In 1961, Edna Staebler – writer, homemaker and future cookbook author – was suffering the sort of black misery that comes from divorce. Her husband of 28 years had told her their marriage was over. He was leaving her to marry one of her best friends – the woman she had confided in about her husband’s drinking, the unkind words he hurled at her while drunk, his constant philandering. The couple had no children; they hadn’t had sex in the past 22 years. Staebler was 55, with precarious employment as a freelance writer. She thought she would grow old alone, impoverished and unhappy, and that her best years were behind her. She cried herself to sleep every night for a year.
Then, the tears stopped. The best years of her life were soon to begin.
Staebler’s life-changing moment came at the age of 60, when an editor asked her to write a Mennonite cookbook. Staebler (BA 1929 UC) had just published a collection of her articles about the Mennonite and Amish in her hometown of Kitchener-Waterloo, Ontario. One of her best-known pieces, which ran in Maclean’s, was “How to Live Without Wars and Wedding Rings.” In it, she captures the pleasures of simple family life and the beliefs of Old Order Mennonites by richly detailing the lives of Bevvy Martin and her family.
Staebler wrote about Bevvy again in Food That Really Schmecks, recording her recipes – as well as those of other Mennonite women and Staebler’s own mother – for the cookbook. But what differentiated Schmecks from other cookbooks, and turned it into a classic, was Staebler’s storytelling. Woven between the recipes of Mennonite comfort food – shoo-fly pie and grumbara knepp (potato dumplings); apple fritters and kraut wickel (cabbage rolls) – are stories of Bevvy in her fieldstone farmhouse who “is always busy schnitzing (cutting up apples for drying)” and who has her recipes in “a little handwritten black notebook, well-worn and some of its pages spattered with lard.” Schmecks – first published 50 years ago – sold tens of thousands of copies upon release, which was an incredible number for Canada in 1968. A commemorative edition was released in 2006 by Wilfrid Laurier University Press, shortly after Staebler’s death.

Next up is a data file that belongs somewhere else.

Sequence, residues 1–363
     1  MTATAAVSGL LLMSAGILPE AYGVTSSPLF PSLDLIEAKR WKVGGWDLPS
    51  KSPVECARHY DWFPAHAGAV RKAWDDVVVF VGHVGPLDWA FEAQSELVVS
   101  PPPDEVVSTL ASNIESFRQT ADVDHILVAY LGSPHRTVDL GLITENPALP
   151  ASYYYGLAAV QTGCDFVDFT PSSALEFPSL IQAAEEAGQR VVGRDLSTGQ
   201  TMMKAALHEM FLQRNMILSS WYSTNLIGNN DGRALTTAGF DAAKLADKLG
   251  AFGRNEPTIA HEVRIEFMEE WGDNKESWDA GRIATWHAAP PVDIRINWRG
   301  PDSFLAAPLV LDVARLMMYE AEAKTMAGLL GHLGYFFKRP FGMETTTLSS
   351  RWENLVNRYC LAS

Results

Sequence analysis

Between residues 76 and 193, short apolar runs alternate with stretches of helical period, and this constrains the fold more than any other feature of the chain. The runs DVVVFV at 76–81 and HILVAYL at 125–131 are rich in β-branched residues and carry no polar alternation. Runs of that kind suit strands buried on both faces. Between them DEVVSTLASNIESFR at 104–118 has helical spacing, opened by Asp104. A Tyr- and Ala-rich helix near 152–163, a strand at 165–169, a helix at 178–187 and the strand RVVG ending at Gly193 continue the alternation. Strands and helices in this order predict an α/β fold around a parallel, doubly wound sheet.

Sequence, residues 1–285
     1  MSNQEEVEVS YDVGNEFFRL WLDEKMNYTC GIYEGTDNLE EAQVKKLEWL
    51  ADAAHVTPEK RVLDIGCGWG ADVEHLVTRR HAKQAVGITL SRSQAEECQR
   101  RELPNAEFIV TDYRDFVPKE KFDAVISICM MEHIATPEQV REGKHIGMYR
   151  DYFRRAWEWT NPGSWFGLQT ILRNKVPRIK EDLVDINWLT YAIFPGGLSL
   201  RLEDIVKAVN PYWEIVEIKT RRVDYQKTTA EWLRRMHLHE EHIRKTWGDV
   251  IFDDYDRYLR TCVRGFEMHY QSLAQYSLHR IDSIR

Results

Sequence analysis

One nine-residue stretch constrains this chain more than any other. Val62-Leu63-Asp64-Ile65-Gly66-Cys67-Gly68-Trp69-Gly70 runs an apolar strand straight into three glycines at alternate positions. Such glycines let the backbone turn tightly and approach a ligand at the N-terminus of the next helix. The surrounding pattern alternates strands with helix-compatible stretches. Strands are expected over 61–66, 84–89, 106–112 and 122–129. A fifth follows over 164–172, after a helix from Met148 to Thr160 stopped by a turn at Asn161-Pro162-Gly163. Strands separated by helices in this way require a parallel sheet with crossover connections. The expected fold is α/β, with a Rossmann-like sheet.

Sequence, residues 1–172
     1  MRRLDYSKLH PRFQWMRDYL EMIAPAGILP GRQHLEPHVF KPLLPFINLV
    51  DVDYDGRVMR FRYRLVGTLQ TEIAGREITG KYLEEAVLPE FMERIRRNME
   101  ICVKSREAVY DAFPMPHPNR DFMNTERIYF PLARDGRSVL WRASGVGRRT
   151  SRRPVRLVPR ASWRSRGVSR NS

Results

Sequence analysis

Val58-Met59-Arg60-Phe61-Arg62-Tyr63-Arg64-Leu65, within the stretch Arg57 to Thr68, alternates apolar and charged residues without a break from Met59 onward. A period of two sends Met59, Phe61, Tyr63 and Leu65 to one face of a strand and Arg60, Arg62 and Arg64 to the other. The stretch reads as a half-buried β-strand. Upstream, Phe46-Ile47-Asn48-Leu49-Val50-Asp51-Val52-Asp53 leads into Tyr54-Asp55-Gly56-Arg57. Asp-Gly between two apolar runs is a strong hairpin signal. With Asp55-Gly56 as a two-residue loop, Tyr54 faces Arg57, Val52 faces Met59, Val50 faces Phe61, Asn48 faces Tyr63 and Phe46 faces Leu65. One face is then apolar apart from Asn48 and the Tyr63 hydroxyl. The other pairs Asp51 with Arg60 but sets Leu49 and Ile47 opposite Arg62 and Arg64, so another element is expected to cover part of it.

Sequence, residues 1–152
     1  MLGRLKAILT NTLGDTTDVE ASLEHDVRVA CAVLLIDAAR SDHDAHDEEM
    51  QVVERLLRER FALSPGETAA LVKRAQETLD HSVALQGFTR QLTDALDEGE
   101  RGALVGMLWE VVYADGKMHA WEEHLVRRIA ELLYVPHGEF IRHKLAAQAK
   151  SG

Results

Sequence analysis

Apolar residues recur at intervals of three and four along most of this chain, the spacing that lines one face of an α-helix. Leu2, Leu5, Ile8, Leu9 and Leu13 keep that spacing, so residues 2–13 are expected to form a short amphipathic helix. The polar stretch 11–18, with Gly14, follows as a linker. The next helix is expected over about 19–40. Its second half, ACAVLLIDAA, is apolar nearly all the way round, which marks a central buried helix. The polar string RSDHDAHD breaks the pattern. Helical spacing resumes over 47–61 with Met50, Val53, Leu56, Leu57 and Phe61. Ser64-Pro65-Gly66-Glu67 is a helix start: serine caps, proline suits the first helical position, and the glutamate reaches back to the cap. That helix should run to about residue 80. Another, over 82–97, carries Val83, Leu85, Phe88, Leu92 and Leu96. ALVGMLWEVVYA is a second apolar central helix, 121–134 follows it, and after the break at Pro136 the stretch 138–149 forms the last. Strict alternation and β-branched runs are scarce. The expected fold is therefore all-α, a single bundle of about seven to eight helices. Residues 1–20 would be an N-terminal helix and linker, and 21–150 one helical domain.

By Staebler’s own admission, she had “no qualification for writing a cookbook except that I was brought up and well fed in Waterloo Country.” (In fact, in her 60s, she owned only two cookbooks: a Betty Crocker classic and a Mennonite one, both gifts.) But she didn’t need to be a chef: it was her ability to use food as a storytelling vehicle to evoke home and hearth, and to open a window into the houses of others, that drew readers. Through her recipes and stories on comfort food, she was offering emotional sustenance. “I think she popularized the Canadian cookbook,” says Veronica Ross, who wrote the biography To Experience Wonder: Edna Staebler, a Life (2003). “They’re for people who like good food with simple ingredients. The recipes are not 25 steps, and she would sometimes say, ‘If you don’t have the ingredient, just go on.’ The stories just made you feel good about life.”